noxCTF – World Wide Dictionary writeup

So, we decided to solve the World Wide Dictionary challenge.

The obvious thing to do is to convert those characters to 1 and 0.
It seems the right thing to do in this part of the challenge.

But unfortunately, I have been trying to do this and suddenly my “sublime text editor” crashed, I was pretty sure at this moment that the challenge writers exploited my sublime.

So an alternative way(and what I eventually did) is to save the data in a file and to try to replace the characters with the ones and zeros.

I wrote this python script to do this replacement.

def main():
    with open("replace.txt", "r+") as file:
        data = file.read().replace("O", "0").replace("I", "1")
        file.seek(0)
        file.write(data)

main()

And now we have this ASCII representation of the binary code or something like this.

When I looked at the length of the characters, I saw it was 104,790.
It’s not so hard to understand that this number cannot be divided by 8.
Strange, So It’s probably not an executable.

Then what is it?
I checked the divisors of 104,790 and discovered that 6 is a divisor of this number.
That is the time for Google of course.

I clicked the first result because Wikipedia is awesome and one of the options caught my eye:

So let’s dive even deeper:

And deeper:

What you can see here is a conversion table between six-bit binary and braille in ASCII format.
It’s great for me.

I copy-pasted the table and did some “sublime” magic tricks(using sublime’s great multi-cursor) and build the following python dictionary:

map = {
"000000" : " ",
"011011" : "!",
"000100" : "\"",
"010111" : "#",
"111001" : "$",
"110001" : "%",
"111011" : "&",
"000010" : "'",
"101111" : "(",
"011111" : ")",
"100001" : "*",
"010011" : "+",
"000001" : ",",
"000011" : "-",
"010001" : ".",
"010010" : "/",
"000111" : "0",
"001000" : "1",
"001010" : "2",
"001100" : "3",
"001101" : "4",
"001001" : "5",
"001110" : "6",
"001111" : "7",
"001011" : "8",
"000110" : "9",
"100101" : ":",
"000101" : ";",
"101001" : "<",
"111111" : "=",
"010110" : ">",
"110101" : "?",
"010000" : "@",
"100000" : "A",
"101000" : "B",
"110000" : "C",
"110100" : "D",
"100100" : "E",
"111000" : "F",
"111100" : "G",
"101100" : "H",
"011000" : "I",
"011100" : "J",
"100010" : "K",
"101010" : "L",
"110010" : "M",
"110110" : "N",
"100110" : "O",
"111010" : "P",
"111110" : "Q",
"101110" : "R",
"011010" : "S",
"011110" : "T",
"100011" : "U",
"101011" : "V",
"011101" : "W",
"110011" : "X",
"110111" : "Y",
"100111" : "Z",
"011001" : "[",
"101101" : "\\",
"111101" : "]",
"010100" : "^",
"010101" : "_"
}

At this moment I had to write a script that converts the binary to an ASCII representation using this dictionary.

The python script:

map = {
"000000" : " ",
"011011" : "!",
"000100" : "\"",
"010111" : "#",
"111001" : "$",
"110001" : "%",
"111011" : "&",
"000010" : "'",
"101111" : "(",
"011111" : ")",
"100001" : "*",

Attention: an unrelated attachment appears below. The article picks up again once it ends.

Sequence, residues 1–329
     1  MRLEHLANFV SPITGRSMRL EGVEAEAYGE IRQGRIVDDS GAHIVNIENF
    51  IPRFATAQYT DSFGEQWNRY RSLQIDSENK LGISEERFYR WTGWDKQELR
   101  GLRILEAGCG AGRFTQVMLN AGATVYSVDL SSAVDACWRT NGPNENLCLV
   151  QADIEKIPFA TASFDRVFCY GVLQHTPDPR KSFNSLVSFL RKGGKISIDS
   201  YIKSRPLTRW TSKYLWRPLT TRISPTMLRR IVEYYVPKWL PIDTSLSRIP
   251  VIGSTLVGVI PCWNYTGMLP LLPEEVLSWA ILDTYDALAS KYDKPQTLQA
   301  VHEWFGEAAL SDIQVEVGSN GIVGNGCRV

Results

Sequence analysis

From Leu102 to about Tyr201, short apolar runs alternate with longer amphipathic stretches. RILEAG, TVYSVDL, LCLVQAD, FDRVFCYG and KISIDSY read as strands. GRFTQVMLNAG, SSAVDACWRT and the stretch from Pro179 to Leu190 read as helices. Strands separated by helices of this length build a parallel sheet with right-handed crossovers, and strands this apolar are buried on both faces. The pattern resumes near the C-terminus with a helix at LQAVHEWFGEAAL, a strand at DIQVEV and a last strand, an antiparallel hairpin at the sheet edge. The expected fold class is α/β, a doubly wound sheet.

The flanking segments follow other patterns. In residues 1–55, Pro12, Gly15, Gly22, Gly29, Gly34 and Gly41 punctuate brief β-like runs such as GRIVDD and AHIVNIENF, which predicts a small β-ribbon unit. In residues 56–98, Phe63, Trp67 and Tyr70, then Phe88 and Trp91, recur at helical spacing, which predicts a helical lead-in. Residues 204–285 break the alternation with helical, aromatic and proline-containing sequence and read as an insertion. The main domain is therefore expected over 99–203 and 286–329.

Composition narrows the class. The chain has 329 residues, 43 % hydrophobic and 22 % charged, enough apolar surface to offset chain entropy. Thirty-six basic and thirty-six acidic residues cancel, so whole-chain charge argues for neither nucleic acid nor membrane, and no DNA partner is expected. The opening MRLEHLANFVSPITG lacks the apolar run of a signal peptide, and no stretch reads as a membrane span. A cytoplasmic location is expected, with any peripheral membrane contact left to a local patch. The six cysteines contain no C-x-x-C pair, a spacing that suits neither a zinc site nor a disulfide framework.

"010011" : "+",
"000001" : ",",
"000011" : "-",
"010001" : ".",
"010010" : "/",
"000111" : "0",
"001000" : "1",
"001010" : "2",
"001100" : "3",
"001101" : "4",
"001001" : "5",
"001110" : "6",
"001111" : "7",
"001011" : "8",
"000110" : "9",
"100101" : ":",
"000101" : ";",
"101001" : "<",
"111111" : "=",
"010110" : ">",
"110101" : "?",
"010000" : "@",
"100000" : "A",
"101000" : "B",
"110000" : "C",
"110100" : "D",
"100100" : "E",
"111000" : "F",
"111100" : "G",
"101100" : "H",
"011000" : "I",
"011100" : "J",
"100010" : "K",
"101010" : "L",
"110010" : "M",
"110110" : "N",
"100110" : "O",
"111010" : "P",
"111110" : "Q",
"101110" : "R",
"011010" : "S",
"011110" : "T",
"100011" : "U",
"101011" : "V",
"011101" : "W",
"110011" : "X",
"110111" : "Y",
"100111" : "Z",
"011001" : "[",
"101101" : "\\",
"111101" : "]",
"010100" : "^",
"010101" : "_"
}

def main():
    with open("replace.txt", "r") as file:
        data = file.read()


    chunks = [] 
    for i in range(0, len(data), 6):
        chunks.append(map[data[i: i + 6]].encode())

    with open("out.txt", "wb") as file:
        file.write(b''.join(chunks))


main()

The result in “out.txt” file looks like a binary data:

I took this data and put it in “010 Editor” as a hexadecimal representation using CTRL+shift+v.

I found out it’s base64 encoded data:

I decoded the base64 data and saw it is actually a PNG image.

Cool, I felt we are so close to the end of this challenge, In retrospect, we were indeed.

When I opened the image I saw something that looks like the sign language:

I searched for so many sign language images on google and didn’t found the specific image I had or at least the signs itself.

And in this desperate situation, I thought for myself, How the fuck did he generate those signs.

Then, I Googled “text to sign language”:

I used this website to convert all the characters to its signs, and:

Yeah, these are the exact signs the challenge writer used.
I converted the signs, the result is:
the flag is d1c710n4ry

So by the format, the flag was:

noxCTF{d1c710n4ry}

Couldn’t have done it without my team.